Growing Gold – California’s climate and soil are ideal for growing a wide variety of winter squash. Our farmers employ sustainable farming practices to nurture squash from seedlings to harvest, ensuring they reach your table with the best flavor and quality.
Here is a bit about the fascinating process of growing winter squash, like pumpkins.
Have you ever wondered how pumpkins are grown? We met with two California pumpkin farmers to get the inside scoop (no pun intended).
Meet the Farmers: Stewards of the Land
Get to know the passionate Californian farmers dedicated to bringing the best winter squash to your table. Their commitment to sustainable farming practices supports the environment and ensures the highest quality of produce.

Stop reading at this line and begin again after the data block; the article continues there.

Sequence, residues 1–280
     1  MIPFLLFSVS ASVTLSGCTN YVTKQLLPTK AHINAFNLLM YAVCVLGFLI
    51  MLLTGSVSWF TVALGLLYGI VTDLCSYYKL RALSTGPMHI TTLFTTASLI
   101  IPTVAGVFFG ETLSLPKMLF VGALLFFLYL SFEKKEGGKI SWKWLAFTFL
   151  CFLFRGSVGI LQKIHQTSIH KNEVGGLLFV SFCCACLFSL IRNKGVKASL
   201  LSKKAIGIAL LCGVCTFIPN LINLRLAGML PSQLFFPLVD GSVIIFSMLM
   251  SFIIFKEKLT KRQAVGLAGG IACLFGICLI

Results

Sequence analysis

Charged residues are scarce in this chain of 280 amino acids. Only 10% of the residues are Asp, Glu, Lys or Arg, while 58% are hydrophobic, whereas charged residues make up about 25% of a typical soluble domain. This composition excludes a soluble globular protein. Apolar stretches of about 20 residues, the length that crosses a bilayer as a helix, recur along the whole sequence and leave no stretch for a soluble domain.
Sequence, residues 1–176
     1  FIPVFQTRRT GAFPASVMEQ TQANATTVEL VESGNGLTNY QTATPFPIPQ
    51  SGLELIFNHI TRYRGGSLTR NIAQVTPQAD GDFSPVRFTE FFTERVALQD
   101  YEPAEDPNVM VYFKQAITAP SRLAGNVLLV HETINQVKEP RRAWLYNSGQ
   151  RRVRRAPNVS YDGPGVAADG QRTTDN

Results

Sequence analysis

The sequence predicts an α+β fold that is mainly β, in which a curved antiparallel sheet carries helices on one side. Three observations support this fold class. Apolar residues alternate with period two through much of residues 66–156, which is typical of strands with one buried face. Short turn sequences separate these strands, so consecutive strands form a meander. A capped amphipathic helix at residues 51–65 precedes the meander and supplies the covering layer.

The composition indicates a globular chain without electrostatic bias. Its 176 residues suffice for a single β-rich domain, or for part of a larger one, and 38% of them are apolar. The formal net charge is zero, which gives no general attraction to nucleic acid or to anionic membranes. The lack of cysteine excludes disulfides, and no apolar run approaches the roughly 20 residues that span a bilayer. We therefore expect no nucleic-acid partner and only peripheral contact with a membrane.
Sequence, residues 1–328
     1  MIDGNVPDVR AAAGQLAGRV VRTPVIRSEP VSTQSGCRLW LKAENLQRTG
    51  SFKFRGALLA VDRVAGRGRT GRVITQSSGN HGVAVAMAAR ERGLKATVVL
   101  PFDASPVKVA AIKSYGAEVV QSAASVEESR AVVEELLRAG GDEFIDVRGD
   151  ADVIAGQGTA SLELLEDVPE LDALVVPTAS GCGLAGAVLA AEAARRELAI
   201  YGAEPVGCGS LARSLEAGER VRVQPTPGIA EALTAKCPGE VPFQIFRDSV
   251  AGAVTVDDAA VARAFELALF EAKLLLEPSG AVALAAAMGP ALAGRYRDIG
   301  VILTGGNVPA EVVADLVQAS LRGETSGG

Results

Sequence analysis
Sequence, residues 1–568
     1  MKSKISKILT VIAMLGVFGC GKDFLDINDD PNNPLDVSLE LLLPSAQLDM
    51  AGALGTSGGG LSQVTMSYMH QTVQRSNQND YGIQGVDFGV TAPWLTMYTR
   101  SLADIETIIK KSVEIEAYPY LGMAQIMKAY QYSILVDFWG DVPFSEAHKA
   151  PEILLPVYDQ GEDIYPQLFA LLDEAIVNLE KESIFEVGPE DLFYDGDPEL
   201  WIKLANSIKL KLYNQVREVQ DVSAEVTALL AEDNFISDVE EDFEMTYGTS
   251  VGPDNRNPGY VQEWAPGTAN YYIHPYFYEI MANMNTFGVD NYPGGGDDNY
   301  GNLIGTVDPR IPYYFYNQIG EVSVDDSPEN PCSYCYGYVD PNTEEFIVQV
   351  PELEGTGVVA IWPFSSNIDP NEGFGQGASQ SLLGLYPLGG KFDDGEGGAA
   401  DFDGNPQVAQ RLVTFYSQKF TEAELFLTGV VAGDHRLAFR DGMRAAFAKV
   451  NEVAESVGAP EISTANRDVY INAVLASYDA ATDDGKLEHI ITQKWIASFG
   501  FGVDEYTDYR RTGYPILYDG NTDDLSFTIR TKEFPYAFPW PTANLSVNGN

As a fifth-generation California farmer, Sarah Shoffner knows that folks in agriculture stick together. Whether they raise chickens or grow flowers, they are united by the love of the land and a desire to produce something that feeds the nation. After moving to Clovis in 2018, the first thing Sarah did was to familiarize herself with the Central Valley’s vibrant agricultural community.
Van Gronigen + Sons was founded by Henry Van Gronigen, Sr. in 1922. Henry and his family immigrated from the Netherlands in the early 20th century. Originally operating a dairy in Ripon, Van Gronigen expanded to row crops in 1939. For over one hundred years this family farm has passed from one generation to next.
Today, the fourth generation of Van Gronigens run the show. They grow pumpkins, melons, almonds, walnuts, and feed crops in Manteca, CA.